muscle. In about 20 percent of people, the sciatic nerve actually goes through
that piriformis muscle. If you had an injury to your piriformis muscle
resulting in imbalance, or resulting in a hip rotation issue, then that
can put pressure on that sciatic nerve and cause pain in your foot. I’m going to show you in a minute how to deal
with that sciatic nerve, but the other muscle we’re going to talk about
real quick for a second is the glute max. Your glute max as I talked about
in the ITB syndrome, iliotibial band video, is that big hip extensor muscle
that comes, actually, all the way down into your thigh here and joins with
your tensor fasciae latae to make up your iliotibial band. Most people
think of their glute max, or butt muscle, just as this area right here but you’ve
actually got to think all the way down here. Glute issues which have
to do with extension, a lot of times will cause an imbalance of the lower
back, obviously cause a person to have lower back problems and result in
hip pain and lower back pain, that sort of thing. Piriformis issues are going to do more left
and right problems. Piriformis, which come off the side of your pelvis, those
are major sacral stabilizers. Having a piriformis imbalance will actually
cause pain anywhere up your spine since it’s sort of like the base of
your spine, like the pyramid, the foundation to your spine. You can get pain
all the way up in your neck. People get shoulder problems. People get headaches
from actually their piriformis being aggravated on the one side
rather than the other. That will cause your sacrum to rotate one side
to the other, or your pelvis. Where glute max issues will cause your pelvis
to rotate forwards and backwards rather than side to side like the
sacrum. We’re going to think about those two things when we talk about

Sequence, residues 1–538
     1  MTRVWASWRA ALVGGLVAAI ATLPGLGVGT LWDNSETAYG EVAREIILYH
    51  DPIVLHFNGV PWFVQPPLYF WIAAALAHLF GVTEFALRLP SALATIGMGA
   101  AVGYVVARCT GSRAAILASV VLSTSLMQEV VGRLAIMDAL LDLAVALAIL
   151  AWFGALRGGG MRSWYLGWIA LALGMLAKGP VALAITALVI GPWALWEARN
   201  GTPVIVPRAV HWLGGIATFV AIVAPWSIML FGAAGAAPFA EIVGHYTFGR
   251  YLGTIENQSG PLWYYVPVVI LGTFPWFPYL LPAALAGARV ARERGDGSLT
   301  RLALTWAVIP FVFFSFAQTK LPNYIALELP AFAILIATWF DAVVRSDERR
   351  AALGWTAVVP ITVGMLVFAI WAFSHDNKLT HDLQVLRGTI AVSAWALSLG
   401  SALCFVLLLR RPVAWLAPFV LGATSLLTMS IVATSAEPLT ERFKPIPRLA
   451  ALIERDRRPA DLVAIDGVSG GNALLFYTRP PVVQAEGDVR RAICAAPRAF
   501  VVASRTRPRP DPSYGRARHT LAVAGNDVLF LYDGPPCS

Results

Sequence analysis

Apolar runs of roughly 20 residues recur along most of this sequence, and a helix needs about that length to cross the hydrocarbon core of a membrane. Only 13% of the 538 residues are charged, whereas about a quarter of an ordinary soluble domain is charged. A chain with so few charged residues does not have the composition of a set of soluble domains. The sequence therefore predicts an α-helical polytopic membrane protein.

the stability of the pelvis. If you can lie on your belly. With the piriformis here, as the piriformis
comes out to the side and attaches to the top of the thigh muscle here,
the greater trochanter, typically there’s going to be a trigger point
somewhere in there. Trigger points are these points we’ve talked about
in other videos where you’re just going to hold that or have someone hold
it for you, and any sore spot you basically hold, rub it out. If you have
trouble getting in there, if your hands aren’t strong enough for your partner
that you’re doing this with, some people like to use their elbow,
and you can come in like this. You’re kind of scooping the glute muscle out
of the way a little bit and pulling it towards you to hold that in there.
That’s one thing with the piriformis. One other thing as I’m thinking about it to
mention here is if the piriformis is painful on one side, you always
want to check the other side because a lot of times what happens is it’s
the weakness on the one side, the muscle that is not functioning well that
is actually the side of the problem, where the other side is going to
spasm to try and balance the sacrum from left to right. So she might have